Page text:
Republic Rediscovered

The first half of the series Martin Scorsese Presents Republic Rediscovered: New Restorations from Paramount Pictures, organized by Dave Kehr, a curator in the Museum of Modern Art’s Department of Film in association with Scorsese’s Film Foundation and Paramount Pictures, which is currently restoring the Republic library, opens today and runs through February 15. The dates for the second half: August 9 through 23. “Republic Pictures was what was known as a ‘poverty row’ studio, but what their pictures lacked in resources and prestige they made up for in inventiveness, surprise, and, in certain cases, true innovation,” says Scorsese in MoMA’s introduction.

“Everything screening is either a new preservation courtesy of Paramount or an archival 35 mm print,” notes Gina Telaroli. “Over the past year, through working on the series and cutting the series trailer, I’ve become deeply familiar with the program,” and she introduces each of the fourteen films screening over the next two weeks at MUBI’s Notebook. Accompanying her enthusiastic and perceptive remarks are samples of the image essays she’s been posting at the Republic Rediscovered tumblr.

At Screen Slate, Caroline Golum interviews Telaroli, who sketches a history of Republic, founded in 1935, when Herbert J. Yates “combined six smaller poverty row studios—Monogram, Mascot, Majestic, Liberty, Chesterfield, and Invincible. . . . Every time I watch a new Republic film, it just feels like there is a larger chance to see something different or weird or to discover something or someone new. When you’re making smaller genre films, directors can often work in new ideas or try new things, because the formula still remains intact and makes the film viable. The history of the studio is fascinating though, and for anyone who is interested, I recommend tracking down Jack Mathis’s masterwork Republic Confidential: Volume 1: The Studio, an insanely in-depth book about every possible aspect of the studio. Regardless of one’s interest in Republic, it’s an amazing book about what it takes to make movies, then or now. It might just be the best guide to filmmaking out there.”

“The dirty secret behind Hollywood is that during the Depression the industry was largely funded by B-movies,” writes Daniel Eagan, previewing the series for Film Journal International. “Although westerns dominated Republic’s schedule, the studio released films of all types, from thrillers to musicals, coming-of-age dramas, romances and comedies. And while Yates kept a tight rein over costs, occasionally he would allow more expensive projects. For these he might borrow A-list filmmakers from other studios. Like John Ford, who talked Yates into backing The Quiet Man in exchange for some additional westerns. . . . Directors in the MoMA series include some of cinema's earliest innovators, like Allan Dwan,” whose “style is so basic as to seem invisible, but he treats his characters with uncommon sympathy and compassion.”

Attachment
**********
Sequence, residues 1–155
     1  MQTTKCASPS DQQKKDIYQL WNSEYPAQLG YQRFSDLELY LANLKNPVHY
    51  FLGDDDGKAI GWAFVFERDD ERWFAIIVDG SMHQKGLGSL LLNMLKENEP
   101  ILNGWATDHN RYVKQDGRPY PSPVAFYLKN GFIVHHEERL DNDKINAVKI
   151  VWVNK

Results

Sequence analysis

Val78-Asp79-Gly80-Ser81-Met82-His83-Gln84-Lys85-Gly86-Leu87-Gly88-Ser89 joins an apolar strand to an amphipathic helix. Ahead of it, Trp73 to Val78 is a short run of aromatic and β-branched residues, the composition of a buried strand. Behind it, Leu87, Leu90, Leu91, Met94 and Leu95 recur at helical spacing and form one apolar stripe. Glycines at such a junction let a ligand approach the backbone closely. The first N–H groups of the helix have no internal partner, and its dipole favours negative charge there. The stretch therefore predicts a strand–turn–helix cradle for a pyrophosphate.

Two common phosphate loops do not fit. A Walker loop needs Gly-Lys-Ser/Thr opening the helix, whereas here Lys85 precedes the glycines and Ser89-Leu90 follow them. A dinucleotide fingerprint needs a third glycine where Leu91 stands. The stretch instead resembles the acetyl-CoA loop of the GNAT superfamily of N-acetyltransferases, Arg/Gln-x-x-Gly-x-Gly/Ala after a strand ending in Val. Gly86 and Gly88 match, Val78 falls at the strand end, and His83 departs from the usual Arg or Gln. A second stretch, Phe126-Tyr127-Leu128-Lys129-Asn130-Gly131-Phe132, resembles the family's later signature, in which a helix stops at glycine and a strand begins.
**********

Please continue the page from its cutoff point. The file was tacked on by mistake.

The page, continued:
Update: “The series offers a variety of engaging curiosities,” writes the New Yorker’s Richard Brody, “and at least one electrifying, eccentric masterwork: Driftwood, from 1947, starring the nine-year-old Natalie Wood and directed by Allan Dwan. . . . Wood plays one of the most idiosyncratic and original child characters I’ve seen in a Hollywood movie, a girl named Jenny Hollingsworth, who lives in a Colorado ghost town with her great-grandfather (H. B. Warner, whose first film credit is dated 1900), a preacher whose congregation is now one—Jenny. . . . Driftwood both typifies and expands Dwan’s core inspiration: his dramatization of a thick tangle of social connections and conflicting lines of power and passion that seemingly bring the town itself to life along with its individual characters.”

Update, 2/3:Caroline Golum at Screen Slate on R. G. Springsteen’s Hellfire (1949): “A woman-centered Western with a message of redemption through Christ’s love and deliverance? With a high-spirited musical number set in a gambling hall? And all in eye-watering Trucolor? (It’s like two-strip Technicolor, but at wholesale price.) . . . Starring King-and-Queen of Bs Wild Bill Elliott and Marie Windsor as, respectively, an attritional drifter and a matricidal outlaw, this deep but restrained moral tale is among Republic Pictures’ finest oaters.”

Update, 2/6: “The centerpiece of this half of the series is That Brennan Girl, the 1946 swan song of Alfred Santell, a director who Dave Kehr has been championing for many years,” writes Farran Smith Nehme in the Village Voice. “The movie more than justifies Kehr’s enthusiasm: Formally, it’s fascinating, with scenes played in silhouette, in pantomime as the camera watches through a window, on two or three levels of a staircase in a couple of scenes reminiscent of The Magnificent Ambersons. . . . That Brennan Girl is unusually frank for its time about the exhaustion and drudgery of caring for an infant, and the way desire for escape can work against any mother’s love.”

Update, 2/9:I’ve Always Loved You is an outlier in the Republic Films catalogue—in contrast to the budget-friendly black and white potboilers Republic often released, Frank Borzage’s 1946 melodrama is high-budget, high-concept and shot in stunning Technicolor, with a well-known director.” At Screen Slate, Dana Reinoos calls it “a gem of the program—quite literally, as star Catherine McLeod spends most of the film floating across the screen in rich yellow, pink, purple, and green dresses.”

Image at the top: John H. Auer’sThe Flame(1947), courtesy of MoMA. For news and items of interest throughout the day, every day, follow @CriterionDaily.

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